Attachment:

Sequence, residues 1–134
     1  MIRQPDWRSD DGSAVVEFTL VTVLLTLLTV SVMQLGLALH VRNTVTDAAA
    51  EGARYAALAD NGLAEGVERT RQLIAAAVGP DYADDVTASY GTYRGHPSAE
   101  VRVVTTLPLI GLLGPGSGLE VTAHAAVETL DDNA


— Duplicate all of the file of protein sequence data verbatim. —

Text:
Sequence, residues 1–134
     1  MIRQPDWRSD DGSAVVEFTL VTVLLTLLTV SVMQLGLALH VRNTVTDAAA
    51  EGARYAALAD NGLAEGVERT RQLIAAAVGP DYADDVTASY GTYRGHPSAE
   101  VRVVTTLPLI GLLGPGSGLE VTAHAAVETL DDNA